Today's Gospel in Art - Feast Day of Saint Charles Borromeo

Meditating on the Dead Christ, by Giovanni Battista Crespi, il Cerano 1610 © Prado Museum, Madrid

Meditating on the Dead Christ, by Giovanni Battista Crespi, il Cerano 1610 © Prado Museum, Madrid

Gospel of 4th November 2019 - Luke 14: 12-14

Jesus said to his host, one of the leading Pharisees, 'When you give a lunch or a dinner, do not ask your friends, brothers, relations or rich neighbours, for fear they repay your courtesy by inviting you in return. No; when you have a party, invite the poor, the crippled, the lame, the blind; that they cannot pay you back means that you are fortunate, because repayment will be made to you when the virtuous rise again.'

Reflection on the Painting

Today is the Feast Day of Saint Charles Borromeo (1538-1584), Archbishop of Milan and also Cardinal. Together with St Ignatius of Loyola and St Philip Neri, he was one of the leading figures of the Counter-Reformation battle against the Protestant reformation. In that role he was responsible for significant reforms in the Catholic Church, including the founding of purpose built seminaries for the education of priests. Being a seminarian now myself, this is of course very relevant directly to me. However, his love for the arts and using art as a tool to evangelise are equally important and dear to me.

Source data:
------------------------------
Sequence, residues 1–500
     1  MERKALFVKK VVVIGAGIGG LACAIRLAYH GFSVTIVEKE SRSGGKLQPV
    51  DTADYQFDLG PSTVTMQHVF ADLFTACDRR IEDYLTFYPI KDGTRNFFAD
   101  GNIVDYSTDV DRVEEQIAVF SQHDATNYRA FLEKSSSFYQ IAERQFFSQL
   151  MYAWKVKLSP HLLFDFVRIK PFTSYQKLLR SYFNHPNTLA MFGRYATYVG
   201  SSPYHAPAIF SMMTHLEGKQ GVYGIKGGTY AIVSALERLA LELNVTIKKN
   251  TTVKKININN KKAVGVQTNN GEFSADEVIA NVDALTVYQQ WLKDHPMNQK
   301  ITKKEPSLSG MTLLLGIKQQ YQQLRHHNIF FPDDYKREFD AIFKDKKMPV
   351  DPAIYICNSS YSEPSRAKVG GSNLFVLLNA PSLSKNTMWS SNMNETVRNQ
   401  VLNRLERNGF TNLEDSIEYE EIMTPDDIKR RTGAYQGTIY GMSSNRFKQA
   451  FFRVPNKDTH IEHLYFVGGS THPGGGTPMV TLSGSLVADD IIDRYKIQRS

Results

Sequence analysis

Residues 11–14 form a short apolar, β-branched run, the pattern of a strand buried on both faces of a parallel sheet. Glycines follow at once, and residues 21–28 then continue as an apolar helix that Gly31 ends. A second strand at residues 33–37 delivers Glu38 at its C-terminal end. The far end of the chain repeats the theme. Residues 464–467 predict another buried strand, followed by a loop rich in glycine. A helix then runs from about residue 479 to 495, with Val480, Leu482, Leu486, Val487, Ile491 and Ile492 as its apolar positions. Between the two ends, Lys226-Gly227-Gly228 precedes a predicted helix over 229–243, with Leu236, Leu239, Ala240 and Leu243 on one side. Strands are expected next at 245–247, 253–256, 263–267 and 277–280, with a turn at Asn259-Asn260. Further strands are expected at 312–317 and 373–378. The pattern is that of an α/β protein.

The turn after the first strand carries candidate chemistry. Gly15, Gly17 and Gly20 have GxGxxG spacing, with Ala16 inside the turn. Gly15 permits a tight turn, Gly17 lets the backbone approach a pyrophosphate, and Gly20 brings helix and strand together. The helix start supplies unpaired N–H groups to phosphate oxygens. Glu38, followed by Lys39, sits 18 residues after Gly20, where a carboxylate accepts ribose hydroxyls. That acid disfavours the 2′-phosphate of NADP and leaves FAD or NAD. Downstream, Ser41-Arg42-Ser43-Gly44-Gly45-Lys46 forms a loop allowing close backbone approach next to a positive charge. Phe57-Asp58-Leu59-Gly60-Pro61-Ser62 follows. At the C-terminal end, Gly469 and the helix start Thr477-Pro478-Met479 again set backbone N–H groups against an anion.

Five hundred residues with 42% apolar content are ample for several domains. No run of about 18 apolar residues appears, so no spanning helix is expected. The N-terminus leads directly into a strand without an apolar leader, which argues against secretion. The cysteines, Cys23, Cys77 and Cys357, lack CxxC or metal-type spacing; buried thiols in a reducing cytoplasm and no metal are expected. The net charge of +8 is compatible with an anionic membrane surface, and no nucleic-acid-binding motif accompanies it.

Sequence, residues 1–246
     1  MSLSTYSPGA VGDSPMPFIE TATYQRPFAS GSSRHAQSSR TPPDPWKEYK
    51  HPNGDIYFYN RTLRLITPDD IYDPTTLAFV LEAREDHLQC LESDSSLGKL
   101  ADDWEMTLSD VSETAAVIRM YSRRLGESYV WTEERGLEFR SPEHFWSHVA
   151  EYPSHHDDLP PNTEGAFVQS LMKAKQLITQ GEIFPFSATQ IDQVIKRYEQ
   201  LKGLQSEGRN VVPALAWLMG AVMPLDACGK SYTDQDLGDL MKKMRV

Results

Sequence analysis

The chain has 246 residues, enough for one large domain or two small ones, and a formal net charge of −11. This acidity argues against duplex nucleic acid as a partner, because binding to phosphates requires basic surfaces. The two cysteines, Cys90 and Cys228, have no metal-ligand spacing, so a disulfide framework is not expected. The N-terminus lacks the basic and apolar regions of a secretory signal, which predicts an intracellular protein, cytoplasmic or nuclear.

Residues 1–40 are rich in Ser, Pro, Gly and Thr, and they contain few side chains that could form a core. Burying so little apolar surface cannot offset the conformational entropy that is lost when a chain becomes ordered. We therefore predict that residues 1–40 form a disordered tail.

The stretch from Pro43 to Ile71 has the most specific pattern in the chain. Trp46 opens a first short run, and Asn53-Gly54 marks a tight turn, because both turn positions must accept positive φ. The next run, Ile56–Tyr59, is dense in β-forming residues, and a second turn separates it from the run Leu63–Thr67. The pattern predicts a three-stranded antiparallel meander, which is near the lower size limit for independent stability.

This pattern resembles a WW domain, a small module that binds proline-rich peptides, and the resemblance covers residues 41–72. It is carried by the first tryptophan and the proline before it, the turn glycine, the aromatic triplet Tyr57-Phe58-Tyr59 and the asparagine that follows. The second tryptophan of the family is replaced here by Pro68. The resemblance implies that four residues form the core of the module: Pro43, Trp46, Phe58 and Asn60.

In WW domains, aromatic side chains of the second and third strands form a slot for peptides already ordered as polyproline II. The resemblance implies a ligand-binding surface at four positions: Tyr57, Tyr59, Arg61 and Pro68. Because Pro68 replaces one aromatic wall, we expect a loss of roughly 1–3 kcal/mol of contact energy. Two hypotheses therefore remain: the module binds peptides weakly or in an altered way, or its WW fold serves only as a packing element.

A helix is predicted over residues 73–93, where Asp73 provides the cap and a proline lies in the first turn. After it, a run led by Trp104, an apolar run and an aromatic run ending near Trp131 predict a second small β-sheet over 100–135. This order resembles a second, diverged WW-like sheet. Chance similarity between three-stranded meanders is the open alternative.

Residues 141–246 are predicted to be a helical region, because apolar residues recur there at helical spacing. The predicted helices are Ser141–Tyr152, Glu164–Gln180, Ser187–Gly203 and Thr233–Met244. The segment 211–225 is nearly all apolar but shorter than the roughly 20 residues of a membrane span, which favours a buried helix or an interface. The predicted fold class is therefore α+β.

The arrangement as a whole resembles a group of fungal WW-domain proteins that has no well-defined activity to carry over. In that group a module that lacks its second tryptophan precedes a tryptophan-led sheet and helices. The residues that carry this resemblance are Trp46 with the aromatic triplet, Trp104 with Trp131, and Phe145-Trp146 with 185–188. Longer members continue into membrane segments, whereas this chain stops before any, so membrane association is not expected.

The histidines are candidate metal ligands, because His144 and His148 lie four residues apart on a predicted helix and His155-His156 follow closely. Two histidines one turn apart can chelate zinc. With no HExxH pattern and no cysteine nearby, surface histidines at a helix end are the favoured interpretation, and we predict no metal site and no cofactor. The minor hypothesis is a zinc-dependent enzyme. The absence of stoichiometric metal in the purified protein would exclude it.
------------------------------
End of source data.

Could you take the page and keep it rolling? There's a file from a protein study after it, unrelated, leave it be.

The Protestant Reformation almost entirely rejected the existing tradition of Catholic art. Rather than the Catholic Church changing it's course and maybe toning down its love for art, Charles Borromeo saw the value in art and 'turned it up a notch' to really use art in the fight against the Reformation that was sweeping through Europe, continuing to encourage religious art, insisting it was strictly religious in content, glorifying God and Catholic traditions, including the sacraments and the saints. So a lot of the art we look at here on a daily basis, is there thanks to St Charles Borromeo, St Ignatius and St Philip Neri. They understood the power of art, the message it can convey and the beauty which can bring people physically into the church buildings, closer to the tabernacle, closer to the presence of Christ. Beauty leading the way to bring people closer to God, and leading people into the mystery of our faith…

To read on see:

Tags: Christian Art Today, Patrick van der Vorst, St Charles Borromeo, Giovanni Battista Crespi

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